charms: her youth; her full, rounded form; her clear com- 
plexion; the provocation of her unfathomable reserve, 
which never went so far as to prevent conversation, car- 
ried on on the lodgers' part with animation, and on hers 
with an equable amiability. It must be that Mr. Verloc 
was susceptible to these fascinations. Mr. Verloc was an 
intermittent patron. He came and went without any very 
apparent reason. He generally arrived in London (like 
the influenza) from the Continent, only he arrived un- 
heralded by the Press; and his visitations set in with great 
severity. He breakfasted in bed, and remained wallowing 


there with an air of quiet enjoyment till noon every day 
and sometimes even to a later hour. But when he 
went out he seemed to experience a great difficulty in 
finding his way back to his temporary home in the Bel- 
gravian square. He left it late, and returned to it early 
as early as three or four in the morning; and on wak- 
ing up at ten addressed Winnie, bringing in the breakfast 
tray, with jocular, exhausted civility, in the hoarse, failing 
tones of a man who had been talking vehemently for 
"many hours together. His prominent, heavy-lidded eyes 
rolled sideways amorously and languidly, the bedclothes 
were pulled up to his chin, and his dark smooth moustache 
covered his thick lips capable of much honeyed banter. 

In Winnie's mother's opinion Mr. Verloc was a very 
nice gentleman. From her life's experience gathered in 
various "business houses" the good woman had taken 
into her retirement an ideal of gentlemanliness as ex- 
hibited by the patrons of private-saloon bars. Mr. Verloc 
approached that ideal; he attained it, in fact. 

"Of course, we'll take over your furniture, mother,"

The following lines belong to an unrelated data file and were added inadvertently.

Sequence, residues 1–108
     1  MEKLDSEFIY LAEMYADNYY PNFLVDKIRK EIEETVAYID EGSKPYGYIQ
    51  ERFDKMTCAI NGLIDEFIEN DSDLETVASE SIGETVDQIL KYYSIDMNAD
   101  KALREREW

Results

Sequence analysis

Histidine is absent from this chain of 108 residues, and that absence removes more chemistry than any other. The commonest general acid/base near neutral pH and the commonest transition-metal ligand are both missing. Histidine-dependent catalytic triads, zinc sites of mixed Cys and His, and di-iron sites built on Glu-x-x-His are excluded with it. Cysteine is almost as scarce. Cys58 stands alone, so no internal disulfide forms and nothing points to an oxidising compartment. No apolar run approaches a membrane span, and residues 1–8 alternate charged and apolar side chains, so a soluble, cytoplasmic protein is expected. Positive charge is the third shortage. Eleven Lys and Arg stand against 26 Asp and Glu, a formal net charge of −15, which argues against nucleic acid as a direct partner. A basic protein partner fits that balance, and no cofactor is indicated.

Winnie had remarked. 

The lodging-house was to be given up. It seems it 
would not answer to carry it on. It would have been 
too much trouble for Mr. Verloc. It would not have 
been convenient for his other business. What his business 
was he did not say; but after his engagement to Winnie 
he took the trouble to get up before noon, and descend- 
ing the basement stairs, make himself pleasant to Winnie's 
mother in the breakfast-room downstairs where she had 
her motionless being. He stroked the cat, poked the fire, 
had his lunch served to him there. He left its slightly 
stuffy cosiness with evident reluctance, but, all the same, 
remained out till the night was far advanced. He never 


offered to take Winnie to theatres, as such a nice gentle- 
man ought to have done. His evenings were occupied. 
His work was in a way political, he told Winnie once. 
She would have, he warned her, to be very nice to his 
political friends. And with her straight, unfathomable 
glance she answered that she would be so, of course. 

How much more he told her as to his occupation it 
was impossible for Winnie's mother to discover. The 
married couple took her over with the furniture. The 
mean aspect of the shop surprised her. The change from